The Royal face of merchandising over the years


During her incredibly long reign – and even longer life – the Queen must have seen her face plastered onto every piece of merchandise imaginable.

From mugs and posters to coins and cushions, if there’s a Royal special occasion on the calendar, some one has jumped in and created a must-have item.



Cuckfield Museum is celebrating the Queen’s 90th birthday with a lighthearted exhibition honouring some of the stranger items local people have collected over the years.

Among them are die cast models of Her Majesty on horseback, a Coronation tea strainer, special edition newspapers, quirky china and a marvellously tacky pair of jubilee silk knickers.

Then there are the homemade gems, such as the photo frames made by Mrs Patridge.

Museum curator Phillipa Malins said: “Mrs Partridge was the very creative nanny of local resident, Dick Whidborne. She made two coronation frames for photos of the Queen and Prince Philip out of cut and folded Players’ cigarette packets.



“We are told she would have smoked every cigarette herself involved in the huge number of packs needed to make the frames!

“The Coronation mug is a precious memento belonging to Cuckfield resident, Judith Aspinall. It is made by Wedgewood with a design by Eric Ravilious.

“Ravilious had already designed mugs for the Edward VIII and George VI’s coronations. Although he was killed during the war, his design was used again for the Elizabeth II mug.”

Among the other displays at the museum is the World War One Ditty Box and its contents.



The box holds basic items such as soap and a razor, which was carried by soldiers during the war.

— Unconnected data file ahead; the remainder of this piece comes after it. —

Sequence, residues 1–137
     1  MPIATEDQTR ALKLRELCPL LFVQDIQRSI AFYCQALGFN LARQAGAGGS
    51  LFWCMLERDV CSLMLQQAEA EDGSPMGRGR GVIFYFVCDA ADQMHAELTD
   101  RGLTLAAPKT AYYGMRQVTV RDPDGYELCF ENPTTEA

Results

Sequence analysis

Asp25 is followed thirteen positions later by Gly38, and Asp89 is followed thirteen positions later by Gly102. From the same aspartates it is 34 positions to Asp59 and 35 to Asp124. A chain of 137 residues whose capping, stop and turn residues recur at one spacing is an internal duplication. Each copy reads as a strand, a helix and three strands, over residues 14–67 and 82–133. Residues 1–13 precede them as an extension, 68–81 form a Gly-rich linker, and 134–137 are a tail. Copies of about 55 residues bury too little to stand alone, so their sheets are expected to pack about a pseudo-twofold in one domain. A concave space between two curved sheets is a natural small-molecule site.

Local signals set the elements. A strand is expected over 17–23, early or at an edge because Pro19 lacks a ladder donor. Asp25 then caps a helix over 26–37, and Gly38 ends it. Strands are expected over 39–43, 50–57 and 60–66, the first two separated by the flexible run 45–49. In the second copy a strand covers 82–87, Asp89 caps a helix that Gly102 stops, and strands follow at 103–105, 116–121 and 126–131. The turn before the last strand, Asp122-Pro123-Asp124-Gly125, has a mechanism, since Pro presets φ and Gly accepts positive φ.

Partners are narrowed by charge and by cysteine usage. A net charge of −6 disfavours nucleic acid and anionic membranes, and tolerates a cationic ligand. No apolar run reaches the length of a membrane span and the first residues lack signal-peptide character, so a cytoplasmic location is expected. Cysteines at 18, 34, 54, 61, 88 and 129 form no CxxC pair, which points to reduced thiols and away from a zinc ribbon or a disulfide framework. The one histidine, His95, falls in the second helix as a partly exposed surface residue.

Cuckfield’s Ditty Box belonged to George Botting, who went to war shortly after marrying Dora May Wells.

A member of the Royal Marines Light Infantry, he was killed on August 23 1917 and his possessions were sent home to Dora. Her family, in turn, presented the Ditty Box to the museum in 2003.

In it was George’s diary, which was something of a no-no, as soldiers were not officially allowed to keep them.

His battalion was sent to Frevillers, France, on August 17 1917 for training.

The last entry – August 20 – read: “Day of rest. Go to Auchel in the evening for a walk, quite a nice place, actually boasting a bazaar after our style. Buy a pocket wallet for a photo of the best little girl in the world.”

Three days later, while carrying out his duties as an instructor, George was killed after a grenade exploded prematurely as one of his recruits went to throw it.

May received the news in a letter from Lieutenant Colonel RC Hawkins who wrote: “He was struck through the heart and died instantly. Fortunately he did not suffer any pain, and I honestly believe he knew nothing of the accident.

“Your husband was a magnificent instructor, and was much admired and loved by his men.”

The Royal display will be at the museum, in Queens Hall, High Street, until September.

The museum is open on Wednesdays from 10am-12.30pm and Fridays and Saturdays from 10am-4pm.

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